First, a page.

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How to Improve Performance and Maintain Productivity at the Same Time

How to Improve Performance and Maintain Productivity at the Same Time


    Fortunately, this article isn’t going to start with an embarrassing confession that I’ve let the car’s tank run dry and found myself stranded at the side of the road… I’ve only ever done that once and I was barely out of nappies! (Honest)

    Instead, I’m going to look at the idea that cars do need filling up.

    Yeah, I know. Obvious…right?

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    The thing is, when we’re planning journeys we all too often do something which is barely more sophisticated than estimating how long the journey is on a map, and (assuming an average cruising speed of 50 MPH) dividing that by 50 to figure out how long the journey will take. Then we get surprised by the fact that it always take longer than that.

    How much longer?

    Well…generally longer than that by the length of time we needed to stop — and that is either for us (food/water/washroom break) or the car we’re driving (filling it with gas). I’m one of those impatient people who regards time spent filling up the car’s tank as wasted time — time not spent actually getting where I’m going.

    It isn’t, of course. Because if we dont fill the tank, we don’t get anywhere at all.

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    So we learn.

    We learn to add time for tasks that don’t actually do something (like get us somewhere) but which subsequently allow us to do something (like filling up the car). These are referred to as “Performance Tasks” and “Maintenance Tasks”, respectively.

    “Without the latter, the former can’t happen. Without the former, there’s no point in the latter.”

    There is, of course, a balance to be struck. Too much Performance Tasks and you end up performing less than your best because you keep having to stop performing and maintain. That’s the equivalent of entering a race, performing brilliantly so that you’re leading during the whole thing and then realising you’ve got to stop for 10 minutes to fill up with gas. On the other hand too many Maintenance Tasks and not enough performance and you don’t achieve anything at all.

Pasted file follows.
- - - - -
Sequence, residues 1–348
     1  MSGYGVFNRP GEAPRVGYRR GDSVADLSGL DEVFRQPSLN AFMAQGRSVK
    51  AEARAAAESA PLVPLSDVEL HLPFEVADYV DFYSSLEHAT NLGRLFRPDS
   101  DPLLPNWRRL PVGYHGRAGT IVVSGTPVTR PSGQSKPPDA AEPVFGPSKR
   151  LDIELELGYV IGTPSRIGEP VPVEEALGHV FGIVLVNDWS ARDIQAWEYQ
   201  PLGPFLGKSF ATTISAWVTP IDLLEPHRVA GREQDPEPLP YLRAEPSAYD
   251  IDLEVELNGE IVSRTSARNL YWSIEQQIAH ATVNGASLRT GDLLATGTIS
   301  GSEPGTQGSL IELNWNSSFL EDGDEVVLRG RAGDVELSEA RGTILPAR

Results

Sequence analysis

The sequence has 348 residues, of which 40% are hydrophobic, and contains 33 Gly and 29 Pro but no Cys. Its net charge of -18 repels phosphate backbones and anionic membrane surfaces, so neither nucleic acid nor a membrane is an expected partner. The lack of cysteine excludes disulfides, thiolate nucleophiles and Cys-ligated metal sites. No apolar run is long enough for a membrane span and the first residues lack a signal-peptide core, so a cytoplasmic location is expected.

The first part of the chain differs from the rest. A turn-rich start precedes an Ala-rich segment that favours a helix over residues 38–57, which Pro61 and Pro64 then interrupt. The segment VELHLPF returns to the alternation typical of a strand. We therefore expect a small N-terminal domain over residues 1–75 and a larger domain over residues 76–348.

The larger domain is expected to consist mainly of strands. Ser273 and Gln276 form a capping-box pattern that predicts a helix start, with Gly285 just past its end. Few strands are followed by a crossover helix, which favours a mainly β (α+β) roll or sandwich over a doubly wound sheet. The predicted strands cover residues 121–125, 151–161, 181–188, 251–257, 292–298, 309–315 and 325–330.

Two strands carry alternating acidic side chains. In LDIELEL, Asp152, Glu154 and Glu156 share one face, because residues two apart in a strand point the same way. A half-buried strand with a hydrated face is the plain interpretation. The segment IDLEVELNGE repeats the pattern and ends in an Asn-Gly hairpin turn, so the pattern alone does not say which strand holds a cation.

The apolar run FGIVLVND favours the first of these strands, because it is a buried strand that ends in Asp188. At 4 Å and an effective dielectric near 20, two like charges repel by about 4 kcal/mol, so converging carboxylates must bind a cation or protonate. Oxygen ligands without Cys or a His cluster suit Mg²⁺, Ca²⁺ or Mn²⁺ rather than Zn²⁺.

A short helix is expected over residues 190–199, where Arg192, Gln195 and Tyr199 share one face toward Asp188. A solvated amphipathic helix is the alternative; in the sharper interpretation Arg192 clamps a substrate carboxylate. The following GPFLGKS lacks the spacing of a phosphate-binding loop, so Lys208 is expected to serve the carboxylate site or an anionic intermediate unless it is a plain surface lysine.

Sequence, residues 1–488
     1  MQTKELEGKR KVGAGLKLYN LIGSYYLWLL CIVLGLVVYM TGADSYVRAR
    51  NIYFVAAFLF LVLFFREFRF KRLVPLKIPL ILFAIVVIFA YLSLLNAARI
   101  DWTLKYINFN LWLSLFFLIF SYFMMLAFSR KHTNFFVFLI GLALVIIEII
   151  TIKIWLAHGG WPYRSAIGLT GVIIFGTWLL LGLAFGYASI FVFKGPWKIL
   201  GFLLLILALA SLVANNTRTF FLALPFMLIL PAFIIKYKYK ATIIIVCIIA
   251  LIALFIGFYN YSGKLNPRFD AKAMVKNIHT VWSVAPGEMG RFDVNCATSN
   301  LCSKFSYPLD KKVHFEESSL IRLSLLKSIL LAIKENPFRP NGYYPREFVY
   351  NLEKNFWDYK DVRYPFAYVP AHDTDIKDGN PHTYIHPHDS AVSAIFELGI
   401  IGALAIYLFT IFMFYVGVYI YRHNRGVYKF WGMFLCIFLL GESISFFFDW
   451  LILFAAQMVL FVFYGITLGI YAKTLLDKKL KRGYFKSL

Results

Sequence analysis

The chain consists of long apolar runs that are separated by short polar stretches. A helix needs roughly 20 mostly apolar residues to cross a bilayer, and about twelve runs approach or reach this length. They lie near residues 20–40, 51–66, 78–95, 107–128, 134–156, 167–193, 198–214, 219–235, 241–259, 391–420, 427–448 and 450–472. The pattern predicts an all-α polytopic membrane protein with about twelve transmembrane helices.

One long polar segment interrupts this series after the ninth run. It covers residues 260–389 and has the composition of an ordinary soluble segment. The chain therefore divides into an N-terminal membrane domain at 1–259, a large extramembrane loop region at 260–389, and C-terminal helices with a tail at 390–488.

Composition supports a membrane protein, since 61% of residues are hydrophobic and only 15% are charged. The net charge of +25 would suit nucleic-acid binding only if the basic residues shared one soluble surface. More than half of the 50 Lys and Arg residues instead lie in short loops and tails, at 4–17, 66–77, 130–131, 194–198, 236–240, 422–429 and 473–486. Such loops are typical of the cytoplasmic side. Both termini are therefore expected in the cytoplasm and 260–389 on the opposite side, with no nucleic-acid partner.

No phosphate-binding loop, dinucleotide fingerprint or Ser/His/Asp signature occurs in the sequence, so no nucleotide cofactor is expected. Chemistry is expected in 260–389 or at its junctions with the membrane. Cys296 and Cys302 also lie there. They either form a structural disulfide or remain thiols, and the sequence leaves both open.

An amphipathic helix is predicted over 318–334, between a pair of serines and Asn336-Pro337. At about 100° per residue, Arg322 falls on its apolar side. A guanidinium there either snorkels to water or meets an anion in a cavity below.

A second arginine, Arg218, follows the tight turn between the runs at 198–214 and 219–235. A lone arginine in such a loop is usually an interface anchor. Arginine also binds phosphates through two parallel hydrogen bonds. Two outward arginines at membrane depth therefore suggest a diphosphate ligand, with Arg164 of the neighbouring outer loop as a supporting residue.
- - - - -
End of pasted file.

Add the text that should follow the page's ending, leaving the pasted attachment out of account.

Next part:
The seduction of this latter option is dangerous though, because it is all too easy to think you’re doing something because, well…you’re doing something. It’s just not something that directly leads to an outcome. You can be desperately busy without getting anywhere. Just ask almost anyone who rushes around saying, “There aren’t enough hours in the day!”

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    So what to do about it?

    This is an experiment worth trying; I’m doing it myself. Break down each project into tasks in the good old-fashioned way and then to decide task by task if it’s a Performance Task or a Maintenance Task. I colour-code blue on the ‘task wall’ if it’s a Maintenance Task and Performance Tasks are colur-coded pink. (Note: There’s no great significance to this choice of colour, it was just the first set of Post-It notes that came to hand!)

    Then, when figuring out what to do next at any point, I simply think about how my energy levels are. Why? Because my experience is that Maintenance Tasks can be done when you’re half asleep. If I’m below par, then I grab a blue task to do; otherwise I grab pink.

    Importantly, I have to decide on my energy levels before I look at the list of tasks to be done – no picking and choosing based on what sound interesting.

    The key thing is that it means I force myself to do the blue coloured tasks. Around my office, for example, we’d all rather get things done than prepare things — pink rather than blue, Performance rather than Maintenance. But your mileage may vary. It might help to spend a week or two looking at what tasks you do by preference and classify them after you’ve done them so that you get a feel for your natural instincts.

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    And then force yourself to do the opposite.

    So far the experiment is proving very useful — coloured Post-It notes and all.

    (Photo credit: Gas Full Meter via Shutterstock)

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    Last Updated on May 7, 2021

    Productivity Boost: How to start your day at 5:00 AM

    Productivity Boost: How to start your day at 5:00 AM

    I have been an early-riser for over a year now. Monday through Friday I wake up at 5:00 AM without hitting the snooze button even once. I never take naps and rarely feel tired throughout the day. The following is my advice on how to start your day (everyday) at 5:00 AM.The idea of waking up early and starting the day at or before the sunrise is the desire of many people. Many highly successful people attribute their success, at least in part, to rising early. Early-risers have more productive mornings, get more done, and report less stress on average than “late-risers.” However, for the unaccustomed, the task of waking up at 5:00 AM can seem extremely daunting. This article will present five tips about how to physically wake up at 5:00 AM and how to get yourself mentally ready to have a productive day.